Radiofrequency radiation gives DNA damage in the NTP rat and mice study

The National Toxicology Program (NTP) animal study on cancer risk from exposure to radiofrequency radiation (RFR) has previously reported an increased incidence of glioma and Schwann cell tumors, that is similar types of tumors as have been reported in human epidemiology. We have commented on the similarity of the findings.

The NTP study presented recently data on DNA damage in the same study, see Smith-Roe SL et al. Evaluation of the genotoxicity of cell phone radiofrequency radiation in male and female rats and mice following subchronic exposure. Environ Mol Mutagen. 2019 Oct 21. doi: 10.1002/em.22343.

Abstract

The National Toxicology Program tested two common radiofrequency radiation (RFR) modulations emitted by cellular telephones in a 2-year rodent cancer bioassay that included interim assessments of additional animals for genotoxicity endpoints. Male and female Hsd:Sprague Dawley SD rats and B6C3F1/N mice were exposed from gestation day 5 or postnatal day 35, respectively, to code division multiple access (CDMA) or global system for mobile (GSM) modulations over 18 h/day, at 10 min intervals, in reverberation chambers at specific absorption rates (SAR) of 1.5, 3, or 6 W/kg (rats, 900 MHz) or 2.5, 5, or 10 W/kg (mice, 1900 MHz). After 19 (rats) or 14 (mice) weeks of exposure, animals were examined for evidence of RFR-associated genotoxicity using two different measures. Using the alkaline (pH > 13) comet assay, DNA damage was assessed in cells from three brain regions, liver cells, and peripheral blood leukocytes; using the micronucleus assay, chromosomal damage was assessed in immature and mature peripheral blood erythrocytes. Results of the comet assay showed significant increases in DNA damage in the frontal cortex of male mice (both modulations), leukocytes of female mice (CDMA only), and hippocampus of male rats (CDMA only). Increases in DNA damage judged to be equivocal were observed in several other tissues of rats and mice. No significant increases in micronucleated red blood cells were observed in rats or mice. In conclusion, these results suggest that exposure to RFR is associated with an increase in DNA damage.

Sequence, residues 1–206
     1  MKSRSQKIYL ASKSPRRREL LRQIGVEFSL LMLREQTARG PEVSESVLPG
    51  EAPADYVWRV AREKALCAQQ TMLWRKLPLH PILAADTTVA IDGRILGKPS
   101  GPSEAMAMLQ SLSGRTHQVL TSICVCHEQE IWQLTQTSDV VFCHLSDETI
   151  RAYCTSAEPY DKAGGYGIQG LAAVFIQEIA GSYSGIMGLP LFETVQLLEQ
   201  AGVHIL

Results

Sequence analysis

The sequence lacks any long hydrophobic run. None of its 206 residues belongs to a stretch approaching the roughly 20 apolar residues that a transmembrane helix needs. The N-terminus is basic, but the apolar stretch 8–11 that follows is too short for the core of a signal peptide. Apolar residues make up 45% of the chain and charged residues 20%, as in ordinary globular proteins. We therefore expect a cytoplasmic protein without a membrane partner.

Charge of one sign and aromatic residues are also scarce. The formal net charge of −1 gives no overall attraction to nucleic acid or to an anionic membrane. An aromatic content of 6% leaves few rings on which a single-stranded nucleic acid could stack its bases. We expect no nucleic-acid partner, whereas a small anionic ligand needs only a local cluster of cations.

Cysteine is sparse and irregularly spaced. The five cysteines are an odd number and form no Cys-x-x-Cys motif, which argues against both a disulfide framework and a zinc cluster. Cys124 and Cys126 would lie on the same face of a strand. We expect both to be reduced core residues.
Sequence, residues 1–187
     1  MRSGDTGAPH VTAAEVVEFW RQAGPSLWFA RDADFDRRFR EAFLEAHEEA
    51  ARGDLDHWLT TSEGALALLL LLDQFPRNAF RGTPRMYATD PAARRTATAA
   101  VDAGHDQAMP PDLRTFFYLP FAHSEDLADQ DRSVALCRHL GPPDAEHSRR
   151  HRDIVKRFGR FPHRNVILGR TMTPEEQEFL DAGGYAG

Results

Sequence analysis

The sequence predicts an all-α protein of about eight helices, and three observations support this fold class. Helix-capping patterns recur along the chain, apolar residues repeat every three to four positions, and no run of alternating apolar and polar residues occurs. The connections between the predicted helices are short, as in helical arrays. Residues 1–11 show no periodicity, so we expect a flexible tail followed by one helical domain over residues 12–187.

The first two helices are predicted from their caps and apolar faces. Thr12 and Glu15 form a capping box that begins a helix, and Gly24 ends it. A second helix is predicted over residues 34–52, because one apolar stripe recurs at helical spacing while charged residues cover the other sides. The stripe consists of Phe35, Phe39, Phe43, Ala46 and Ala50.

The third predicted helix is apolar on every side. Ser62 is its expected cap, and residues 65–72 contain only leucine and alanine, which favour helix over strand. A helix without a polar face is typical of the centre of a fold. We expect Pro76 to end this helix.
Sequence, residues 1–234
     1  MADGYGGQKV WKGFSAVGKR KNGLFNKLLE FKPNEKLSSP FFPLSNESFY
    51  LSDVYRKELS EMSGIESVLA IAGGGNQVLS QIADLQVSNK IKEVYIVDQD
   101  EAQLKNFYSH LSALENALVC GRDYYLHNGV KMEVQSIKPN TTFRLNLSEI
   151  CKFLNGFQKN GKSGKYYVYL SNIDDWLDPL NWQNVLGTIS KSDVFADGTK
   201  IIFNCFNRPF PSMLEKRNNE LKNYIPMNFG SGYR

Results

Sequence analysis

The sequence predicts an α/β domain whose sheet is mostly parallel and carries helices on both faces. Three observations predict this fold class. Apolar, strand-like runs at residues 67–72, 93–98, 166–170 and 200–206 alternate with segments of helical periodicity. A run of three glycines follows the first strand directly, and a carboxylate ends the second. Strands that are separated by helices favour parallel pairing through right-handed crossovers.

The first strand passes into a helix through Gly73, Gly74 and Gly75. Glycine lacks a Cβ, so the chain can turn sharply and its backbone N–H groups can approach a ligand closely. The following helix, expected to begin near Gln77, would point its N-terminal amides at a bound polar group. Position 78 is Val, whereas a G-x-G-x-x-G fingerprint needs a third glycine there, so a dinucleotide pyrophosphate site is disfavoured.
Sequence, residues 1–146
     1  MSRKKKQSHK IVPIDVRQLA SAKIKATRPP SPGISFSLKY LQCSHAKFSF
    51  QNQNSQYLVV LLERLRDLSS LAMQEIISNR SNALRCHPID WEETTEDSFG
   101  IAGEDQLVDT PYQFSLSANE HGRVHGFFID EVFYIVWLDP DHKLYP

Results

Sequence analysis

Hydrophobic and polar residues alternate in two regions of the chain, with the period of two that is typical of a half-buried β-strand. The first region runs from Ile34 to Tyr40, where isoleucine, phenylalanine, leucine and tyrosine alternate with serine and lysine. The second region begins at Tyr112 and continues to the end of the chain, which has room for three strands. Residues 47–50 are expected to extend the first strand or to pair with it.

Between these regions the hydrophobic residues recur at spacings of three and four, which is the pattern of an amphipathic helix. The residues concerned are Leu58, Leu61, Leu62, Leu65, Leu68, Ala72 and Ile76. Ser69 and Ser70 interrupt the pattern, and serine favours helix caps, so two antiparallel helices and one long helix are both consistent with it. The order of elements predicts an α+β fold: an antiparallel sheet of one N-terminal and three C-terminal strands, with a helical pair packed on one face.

These results add to the evidence that RFR causes cancer. Increased risk is found in both human and animal studies with similarity of tumor types. The new NTP findings add mechanistic effects for carcinogenesis. RFR should be classified as a human carcinogen, Group 1.

Of interest is to compare these NTP exposures with results in the French Phonegate Alert report (https://www.phonegatealert.org/en) on SAR from use of mobile phones. As the table shows with 0 mm distance between the mobile phone and tissue (body contact) SAR values are much exceeding the limits and are actually in the range of those used in the NTP study. These SAR values are to be compared with the manufacture test keeping the phone at some distance from the body. This advice is usually not well informed about to the user but may be found in the instruction manual. This table shows the results presented by Dr Marc Arazi, International Public Symposium, Mainz, Germany, October 6,2019 (with courtesy).

www.phonegatealert.org

SAR comparison : 1gr and 10gr of tissue

 

National Toxicology Program (NTP) Radiofrequency radiation carcinogenesis in rats (NTP TR 595) and mice (NTP TR 596)

This study is now under peer review during March 26 to 28, 2018; the reports can be found here (NTP TR 595; rats) and here (NTP TR 596; mice). It has been able to submit comments and our views can be found here.

Our overall evaluation of levels of evidence of carcinogenic activity are:

Glioma: Clear evidence
Meningioma: Equivocal evidence
Vestibular schwannoma (acoustic neuroma): Clear evidence
Pituitary tumor (adenoma): Equivocal evidence
Thyroid cancer: Some evidence
Malignant lymphoma: Equivocal evidence
Skin (cutaneous tissue): Equivocal evidence
Multi-site carcinogen: Some evidence

Based on the IARC preamble to the monographs, RF radiation should be classified as Group 1: The agent is carcinogenic to humans.

’This category is used when there is sufficient evidence of carcinogenicity in humans. Exceptionally, an agent may be placed in this category when evidence of carcinogenicity in humans is less than sufficient but there is sufficient evidence of carcinogenicity in experimental animals and strong evidence in exposed humans that the agent acts through a relevant mechanism of carcinogenicity.’ (http://monographs.iarc.fr/ENG/Preamble/currentb6evalrationale0706.php)